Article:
She shrugged him off and pleaded, “Please take her to the lady, the sorceress, my child will be okay!”

“But I told you I don’t believe such things Madhu,” Shekhar walked out of his bedroom, tired of hearing her rants.

Madhuri was also determined. She followed him quickly to the lounge, squeezed his shoulders and said, “Are your beliefs, your views, more important than Anandi’s life?”

Shekhar was startled. He had never seen his soft-spoken wife turning so aggressive. He fell silent. No, nothing can be as important to Shekhar as his daughter’s life …. And Madhuri knew it too!


The road seems never ending and the red dirt has hugged the entire stretch. Anandi has dosed off already, her tiny morsel of a hand clinging onto his father’s shirt. A thousand memories flash in front of Shekhar’s eyes. He remembers his village, Kaligram, where he had spent his vivacious childhood – the yellow-green paddy fields, the mango gardens, his parents and the fish ponds. And he remembers Kamala…


Kamala was Shekhar’s childhood playmate, his best friend and his first love. They went to the same school, played in the hay barn and explored the creeks, fields and woods around their village together. They had stolen guavas and mangoes from Kanchan uncle’s garden and also sat outside their thatched hut under the stars sharing their dreams and exchanging witty banters.

Kamala’s house was only two houses away from Shekhar’s and their mothers were friends. She had lost his father when she was only three and dotted on her younger sister. Her mother, a widow, stayed in her husband’s ancestral house and depended on their poultry and agricultural land to make a living. They had few relatives, but visited their maternal grandfather’s house, once in a year, who lived in some remote village.

Once, when kamala came back from Kolkata for the first time, where she and her mother visited a distant aunt, she was completely thrilled. “The city life is so different, you know,” Kamala told Shekhar with sparkles in her eyes. “I just loved it!”

“What did you like about the city?” Shekhar, who went to the city quite often to meet his extended families, asked pursing his lips.

“Everything…,” she said. “Huge buildings, theatres, jostling traffic and yes, so many people… Of course it’s noisier and doesn’t have the space we have here. Mother didn’t like being there much, but it’s a lot of fun,” she said excitedly.

“When I get a job in the city, I’ll take you there. You can enjoy city life forever,” Shekhar said smiling, giving Kamala a light punch on her nose.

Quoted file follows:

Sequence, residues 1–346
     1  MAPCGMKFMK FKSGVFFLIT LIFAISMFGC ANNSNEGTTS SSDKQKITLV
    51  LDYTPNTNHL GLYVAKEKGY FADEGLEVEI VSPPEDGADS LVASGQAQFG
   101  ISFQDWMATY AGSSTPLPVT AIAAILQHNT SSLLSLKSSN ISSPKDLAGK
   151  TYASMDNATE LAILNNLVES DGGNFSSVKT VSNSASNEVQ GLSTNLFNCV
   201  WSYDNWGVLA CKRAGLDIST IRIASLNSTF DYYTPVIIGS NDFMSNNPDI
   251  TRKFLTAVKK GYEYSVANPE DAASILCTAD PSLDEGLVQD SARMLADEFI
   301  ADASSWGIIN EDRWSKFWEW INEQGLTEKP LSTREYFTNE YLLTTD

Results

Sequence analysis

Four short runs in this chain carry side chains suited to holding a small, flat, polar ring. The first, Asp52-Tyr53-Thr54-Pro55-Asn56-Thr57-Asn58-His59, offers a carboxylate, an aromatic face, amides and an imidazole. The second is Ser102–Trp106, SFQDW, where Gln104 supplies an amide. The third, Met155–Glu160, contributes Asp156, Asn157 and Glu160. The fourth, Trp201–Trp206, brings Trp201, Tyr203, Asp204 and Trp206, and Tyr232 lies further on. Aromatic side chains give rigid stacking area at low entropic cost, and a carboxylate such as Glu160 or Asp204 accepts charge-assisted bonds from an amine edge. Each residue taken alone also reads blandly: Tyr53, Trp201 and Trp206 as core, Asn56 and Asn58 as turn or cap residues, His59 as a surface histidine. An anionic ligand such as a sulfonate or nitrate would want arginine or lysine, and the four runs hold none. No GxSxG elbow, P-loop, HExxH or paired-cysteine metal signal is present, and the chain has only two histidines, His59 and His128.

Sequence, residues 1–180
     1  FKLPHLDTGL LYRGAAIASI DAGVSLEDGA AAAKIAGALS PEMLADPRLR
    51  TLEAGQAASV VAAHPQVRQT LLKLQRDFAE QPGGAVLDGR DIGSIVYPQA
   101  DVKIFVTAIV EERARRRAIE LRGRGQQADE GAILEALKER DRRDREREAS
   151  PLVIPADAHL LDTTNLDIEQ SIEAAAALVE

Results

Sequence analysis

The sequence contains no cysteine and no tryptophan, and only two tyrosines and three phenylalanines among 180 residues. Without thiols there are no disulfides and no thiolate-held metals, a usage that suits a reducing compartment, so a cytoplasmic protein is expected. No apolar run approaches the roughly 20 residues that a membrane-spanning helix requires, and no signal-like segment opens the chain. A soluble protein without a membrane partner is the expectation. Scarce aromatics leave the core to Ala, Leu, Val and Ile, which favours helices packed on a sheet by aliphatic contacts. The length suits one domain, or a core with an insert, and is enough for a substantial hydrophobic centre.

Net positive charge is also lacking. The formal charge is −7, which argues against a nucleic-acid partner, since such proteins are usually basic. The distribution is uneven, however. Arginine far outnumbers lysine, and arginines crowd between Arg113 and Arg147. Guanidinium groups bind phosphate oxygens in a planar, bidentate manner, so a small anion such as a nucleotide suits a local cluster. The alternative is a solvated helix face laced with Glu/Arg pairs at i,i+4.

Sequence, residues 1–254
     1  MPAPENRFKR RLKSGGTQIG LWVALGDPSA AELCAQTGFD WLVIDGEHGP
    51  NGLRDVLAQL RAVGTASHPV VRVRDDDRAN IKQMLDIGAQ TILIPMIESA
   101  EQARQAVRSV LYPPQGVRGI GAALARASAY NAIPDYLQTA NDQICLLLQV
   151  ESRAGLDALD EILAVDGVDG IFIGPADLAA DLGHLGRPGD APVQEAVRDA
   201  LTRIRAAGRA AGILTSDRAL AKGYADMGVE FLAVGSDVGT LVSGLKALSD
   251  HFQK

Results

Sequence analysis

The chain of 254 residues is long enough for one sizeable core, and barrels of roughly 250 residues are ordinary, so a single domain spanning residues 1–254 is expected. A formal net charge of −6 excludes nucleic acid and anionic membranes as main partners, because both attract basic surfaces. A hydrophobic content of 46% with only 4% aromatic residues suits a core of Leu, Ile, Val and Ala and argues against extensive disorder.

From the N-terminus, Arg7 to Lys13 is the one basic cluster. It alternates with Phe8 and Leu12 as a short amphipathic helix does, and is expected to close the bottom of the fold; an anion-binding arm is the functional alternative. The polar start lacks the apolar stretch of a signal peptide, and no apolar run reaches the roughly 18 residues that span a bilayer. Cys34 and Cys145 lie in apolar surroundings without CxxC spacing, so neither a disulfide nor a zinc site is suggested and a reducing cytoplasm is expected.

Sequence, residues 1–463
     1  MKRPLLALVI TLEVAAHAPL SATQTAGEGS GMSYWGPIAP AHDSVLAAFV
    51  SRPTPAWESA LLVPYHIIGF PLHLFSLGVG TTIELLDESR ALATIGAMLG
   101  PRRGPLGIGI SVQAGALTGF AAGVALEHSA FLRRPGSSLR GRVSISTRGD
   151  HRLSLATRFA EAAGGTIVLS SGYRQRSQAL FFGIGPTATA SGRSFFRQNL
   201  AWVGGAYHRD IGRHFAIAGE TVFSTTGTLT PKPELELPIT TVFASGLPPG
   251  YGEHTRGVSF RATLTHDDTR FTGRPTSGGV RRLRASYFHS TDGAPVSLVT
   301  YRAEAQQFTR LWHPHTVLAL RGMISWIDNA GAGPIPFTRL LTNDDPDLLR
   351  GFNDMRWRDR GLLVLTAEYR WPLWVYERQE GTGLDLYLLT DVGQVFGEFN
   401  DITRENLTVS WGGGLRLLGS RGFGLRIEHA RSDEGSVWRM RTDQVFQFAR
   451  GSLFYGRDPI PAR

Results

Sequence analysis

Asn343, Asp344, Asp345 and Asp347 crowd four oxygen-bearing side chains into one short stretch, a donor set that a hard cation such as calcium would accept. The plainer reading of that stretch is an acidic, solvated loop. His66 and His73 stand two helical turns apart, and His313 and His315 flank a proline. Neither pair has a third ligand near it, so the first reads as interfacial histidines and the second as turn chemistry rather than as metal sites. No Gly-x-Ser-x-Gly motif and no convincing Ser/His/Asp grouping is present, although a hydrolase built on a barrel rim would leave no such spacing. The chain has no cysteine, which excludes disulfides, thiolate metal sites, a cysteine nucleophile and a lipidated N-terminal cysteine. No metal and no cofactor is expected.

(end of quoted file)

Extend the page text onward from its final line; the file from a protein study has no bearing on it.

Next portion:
As years passed by, Kamala grew up to become a beautiful lady from the little tomboyish girl. Her gradual makeover amused Shekhar and got him more attracted to her like a bee to honey. When she performed her evening prayers after bath, she looked as pure as white lotus and Shekhar just couldn’t take his eyes off her.

Kamala’s love for Shekhar was selfless and undemanding. She was always there for him. When he lost his football match in school, Shekhar cried, his bruised soul needed some respite; Kamala was there to heal him. She said nothing but just allowed his tired head to rest on her shoulder.

Even when his father was hospitalised, and Shekhar was flustered with tension – he couldn’t eat or sleep – Kamala prepared his favourite coconut barfis and silently held a piece in front of his mouth to make him eat. While swallowing a sob, he broke down…Kamala quietly held his hand and sat beside him. Her silent eloquence always reassured him.

But nothing seemed to remain the same forever…

Once when Shekhar and his family came back from a South India tour, they were surprised to find, Kamala was nowhere. There was a discomforting silence at Kamala’s home.

“Where’s Kamala, she’s nowhere to be seen?” Shekhar’s mother asked Kamala’s mother.

She fell silent for a while. After coaxing she said, “Shhh Didi, do not discuss this with others in the village. Kamala’s grandfather had a revelation in a dream that his granddaughter is an incarnation of goddess Kali. He always insisted she should be worshiped. You know, earlier I’d never paid attention, but…”

She inched closer to Shekhar’s mother who was in a state of shock, “But this time, when we went to our village, a miracle happened… an ailing child was placed at Kamala’s feet and he was miraculously cured when she touched him.

Father always knew Kamu had magical power. He has kept her there, with him. He believes she has the power to cure hundreds of people who cannot afford expensive medicines. But in Kaligram we haven’t told this to anybody yet,” she said without a pause.

Shekhar’s mother albeit a religious woman, never believed in such fallacies, thanks to his father who worked as a school administrator and was a liberal person. She tried her best convincing Kamala’s mother that such things can never happen and that it will be harmful for the young girl. But her mother was determined.

On hearing this, Shekhar wanted to rescue Kamala. But something held him back. He was scared. He couldn’t voice his thoughts as he was never a very expressive person.

Meanwhile, Shekhar moved to the city at his uncle’s house to prepare for his engineering entrance exams, a wish his father wanted him to fulfill. But he remained restless within, often probing his mother on Kamala’s whereabouts.

After cracking the exams and getting into IIT-Kharagpur, Shekhar returned home during his first semester break, a much confident young man, and rushed to rescue Kamala with two of his friends in that remote village where she was held captive at his grandfather’s house. But they soon found out it was not easy to get near her anymore.